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The year 2018 was a difficult one for many of the countries classified as emerging markets. The Fed’s policy of continuous interest rate hikes combined with a sudden emergence of new geopolitical risks has caused many investors to pull their capital out of the region. Turkey was the center of attention back in August when the Turkish lira lost 50% of its value against the USD in a matter of days. The situation posed a significant risk of potentially escalating into a domino effect that could’ve resulted in US capital being pulled out of other peripheral countries as well.
Since then the moderation of US inflation and the pressure President Trump put on the Fed has drastically changed the dollar’s expected interest rate trajectory. As the growth of the US base interest rate decreases so does the capital drain capacity of the US bond market, causing the US dollar to mildly decline as well as almost immediately strengthening the currencies of emerging markets. The one to benefit the most from this outcome was likely the Ankaran government.
Turkey has been a key element in the panic surrounding emerging markets and the lira’s weakening forced the Central Bank of Turkey to gradually raise its own base interest rates to 24%. In the end this series of measures did accomplish its intended goal of halting the lira’s descent, however, the Turkish economy had already suffered a severe blow by the time it did. The 20% inflation rate has drastically reduced Turkey’s retail trade and the country’s GDP was also bound to decline over 2019 according to the World Bank’s forecasts at the time.
Turkey’s outlook has drastically improved since then, in large part due to the changes in US interest rate policy. One of the root causes for their problems was their exposure to the USD. Given the unpredictability of the lira, over the past several decades Turkey has been issuing its treasury notes denominated in US dollars to make them more attractive to US banks and investors. That policy made the country extremely sensitive to the effects of US monetary policy and the consequences of that vulnerability were felts strongly when large a large sum of US dollars flowed out of the country last year. This has left Turkey’s dollar reserves depleted, raising real concerns over their ability to repay outstanding dollar claims. One of the things that helped them through this potential crisis was Qatar’s openness to provide them with US dollars by means of a currency swap deal.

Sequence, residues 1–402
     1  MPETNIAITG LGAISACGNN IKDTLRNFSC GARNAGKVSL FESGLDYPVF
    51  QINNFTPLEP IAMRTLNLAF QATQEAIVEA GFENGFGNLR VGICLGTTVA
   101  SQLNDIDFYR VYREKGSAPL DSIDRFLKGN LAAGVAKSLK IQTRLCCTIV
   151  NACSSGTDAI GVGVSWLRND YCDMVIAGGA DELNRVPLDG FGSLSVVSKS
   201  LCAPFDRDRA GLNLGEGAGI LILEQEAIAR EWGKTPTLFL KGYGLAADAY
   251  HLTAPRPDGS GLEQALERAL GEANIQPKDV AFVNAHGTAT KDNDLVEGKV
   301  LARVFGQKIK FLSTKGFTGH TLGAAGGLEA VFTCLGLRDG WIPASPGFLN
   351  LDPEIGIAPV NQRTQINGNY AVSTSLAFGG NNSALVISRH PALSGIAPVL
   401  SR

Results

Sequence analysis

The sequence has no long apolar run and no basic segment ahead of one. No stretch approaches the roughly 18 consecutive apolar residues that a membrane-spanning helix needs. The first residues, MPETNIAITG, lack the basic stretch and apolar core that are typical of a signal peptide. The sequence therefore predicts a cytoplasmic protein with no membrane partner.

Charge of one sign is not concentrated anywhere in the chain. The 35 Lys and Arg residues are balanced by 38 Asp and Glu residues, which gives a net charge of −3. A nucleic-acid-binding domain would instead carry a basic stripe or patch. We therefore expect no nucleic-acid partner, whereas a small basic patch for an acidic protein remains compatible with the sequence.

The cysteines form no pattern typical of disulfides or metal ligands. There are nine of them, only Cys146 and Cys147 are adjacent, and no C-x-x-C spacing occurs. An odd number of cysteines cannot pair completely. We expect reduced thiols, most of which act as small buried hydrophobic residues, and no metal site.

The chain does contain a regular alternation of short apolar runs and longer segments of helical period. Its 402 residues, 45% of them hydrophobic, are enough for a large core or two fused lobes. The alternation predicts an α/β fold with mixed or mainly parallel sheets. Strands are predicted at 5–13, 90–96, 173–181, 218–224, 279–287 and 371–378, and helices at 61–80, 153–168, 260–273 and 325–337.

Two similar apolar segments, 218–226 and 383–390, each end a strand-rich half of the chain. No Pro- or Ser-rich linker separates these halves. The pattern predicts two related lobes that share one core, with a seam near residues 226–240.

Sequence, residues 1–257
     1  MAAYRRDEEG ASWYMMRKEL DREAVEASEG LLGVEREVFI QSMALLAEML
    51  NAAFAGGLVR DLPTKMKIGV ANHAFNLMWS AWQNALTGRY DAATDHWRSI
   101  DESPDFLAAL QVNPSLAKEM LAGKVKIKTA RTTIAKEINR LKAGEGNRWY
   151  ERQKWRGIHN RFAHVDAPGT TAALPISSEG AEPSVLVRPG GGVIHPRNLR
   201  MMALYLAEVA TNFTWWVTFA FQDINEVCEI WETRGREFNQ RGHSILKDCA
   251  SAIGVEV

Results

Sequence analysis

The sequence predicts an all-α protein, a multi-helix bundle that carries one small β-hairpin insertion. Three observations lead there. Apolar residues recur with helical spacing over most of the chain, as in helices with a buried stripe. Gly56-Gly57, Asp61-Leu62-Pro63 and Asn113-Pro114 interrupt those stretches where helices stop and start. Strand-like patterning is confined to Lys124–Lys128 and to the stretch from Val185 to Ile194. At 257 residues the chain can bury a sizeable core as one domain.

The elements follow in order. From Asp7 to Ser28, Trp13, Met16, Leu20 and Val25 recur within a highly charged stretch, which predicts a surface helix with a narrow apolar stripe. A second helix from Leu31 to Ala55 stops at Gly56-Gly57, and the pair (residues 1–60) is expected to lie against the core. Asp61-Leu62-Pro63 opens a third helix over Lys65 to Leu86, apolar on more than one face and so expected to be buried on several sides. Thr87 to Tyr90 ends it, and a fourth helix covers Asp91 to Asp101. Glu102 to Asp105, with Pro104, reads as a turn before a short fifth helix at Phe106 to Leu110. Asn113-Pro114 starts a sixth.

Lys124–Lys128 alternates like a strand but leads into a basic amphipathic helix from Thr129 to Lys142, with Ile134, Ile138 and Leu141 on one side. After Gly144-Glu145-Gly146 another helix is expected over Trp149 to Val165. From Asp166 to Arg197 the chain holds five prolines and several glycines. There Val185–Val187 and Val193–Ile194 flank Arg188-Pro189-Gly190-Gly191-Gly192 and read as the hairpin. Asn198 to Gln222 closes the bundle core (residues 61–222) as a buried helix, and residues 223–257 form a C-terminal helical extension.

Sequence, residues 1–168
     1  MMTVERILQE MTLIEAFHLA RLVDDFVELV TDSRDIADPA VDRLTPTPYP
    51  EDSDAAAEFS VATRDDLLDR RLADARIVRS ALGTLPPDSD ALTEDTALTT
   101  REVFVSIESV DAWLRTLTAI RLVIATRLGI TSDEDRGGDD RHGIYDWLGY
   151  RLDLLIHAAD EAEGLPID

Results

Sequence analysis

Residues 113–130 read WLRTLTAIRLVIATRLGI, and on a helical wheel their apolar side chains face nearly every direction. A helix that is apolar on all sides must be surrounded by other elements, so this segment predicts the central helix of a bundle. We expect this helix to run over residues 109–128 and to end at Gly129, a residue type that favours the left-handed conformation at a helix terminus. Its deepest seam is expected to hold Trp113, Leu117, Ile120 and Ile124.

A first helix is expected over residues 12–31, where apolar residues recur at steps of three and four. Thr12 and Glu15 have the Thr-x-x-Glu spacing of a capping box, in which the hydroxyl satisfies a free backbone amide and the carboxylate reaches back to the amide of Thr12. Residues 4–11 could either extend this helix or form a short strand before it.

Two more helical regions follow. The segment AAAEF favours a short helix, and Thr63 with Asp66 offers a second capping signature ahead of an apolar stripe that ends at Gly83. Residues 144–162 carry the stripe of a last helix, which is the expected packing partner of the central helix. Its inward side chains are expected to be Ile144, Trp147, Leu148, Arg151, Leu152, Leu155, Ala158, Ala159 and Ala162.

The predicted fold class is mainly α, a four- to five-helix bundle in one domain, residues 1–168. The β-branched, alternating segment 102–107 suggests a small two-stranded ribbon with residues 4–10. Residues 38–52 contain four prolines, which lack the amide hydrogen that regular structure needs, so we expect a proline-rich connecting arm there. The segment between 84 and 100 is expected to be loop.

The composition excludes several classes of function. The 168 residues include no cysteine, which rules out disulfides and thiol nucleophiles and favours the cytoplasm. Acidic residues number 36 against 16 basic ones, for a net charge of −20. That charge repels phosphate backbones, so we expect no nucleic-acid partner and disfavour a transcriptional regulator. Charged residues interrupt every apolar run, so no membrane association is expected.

Erdogan’s cabinet has made it clear that they intend to reduce their exposure to the US dollar to avoid incidents like the one in August 2018 in the future. They did so by negotiating another credit swap deal, this time with the European Central Bank (ECB). Turkey’s treasury has previously been releasing long term dollar based bonds at a 7.68% interest. According to their stats 40% of its buyers were American, 27% were Turkish and 20% were from the United Kingdom. The European Union surprisingly only accounts for a mere 8% of their buyers. The ECB has offered to exchange Turkey’s entire stock of bonds for 4.9% interest rate euro denominated ones. Although he transaction theoretically resulted in the EU exposing itself to the dollar, their reserves are sizable enough to handle it. Meanwhile Turkey was be able to repay its bonds in euros. Since the EU is Turkey’s most notable trade partner, this arrangement is significantly more beneficial to them than having to repay the bonds in US dollars. This move by the ECB not only gives Turkey some breathing room, but also shields them from their vulnerability to the Fed’s interest rate policy. Although this only a small measure, it could help the ECB gain popularity and influence in other emerging markets.
Forecasts by international financial organizations suggest that 19 out of 24 peripheral countries will be forced to raise their base interest in 2019 even if the Fed doesn’t. If they fail to do so, the lack of interest rate differential compared to US rates would render them unable to provide their economies with sufficient resources to function. That risk makes the EU’s 0% base interest rate much more attractive to these countries, giving it a competitive edge over the dollar due to the interest rate differences. The ECB’s main difficulty is the fact that don’t have a unified bond market with each member country issuing it’s own bonds of varying interest rates. This fact makes euros unsuitable for countries to keep their reserves in, since the risk isn’t uniform and diverges across countries.
The same forecasts say that Turkey, India, China and Nigeria could potentially decrease their base interest rates while Malaysia may stay at its current interest rate level. They also point out that in 2018 the number of dollar denominated bonds declined by 4.3%, the largest decrease since 2006, showcasing how many of these countries successfully decreased their exposure to the USD.
The bonds market is an unusual angle for gaining influence in peripheral countries and the USA has been losing ground on that front in 2018 primarily due to the Fed’s interest rate policy. Even so the USD still continues to be a powerful enough force on the global financial markets for the Fed’s decisions to affect countries on other continents. Turkey’s a good example of how on one hand changes in US monetary policy could potentially bring distant countries to the brink of collapse while on the other hand it also illustrates that for the USA to retain it’s global leading role the Fed will have to work together with The White House.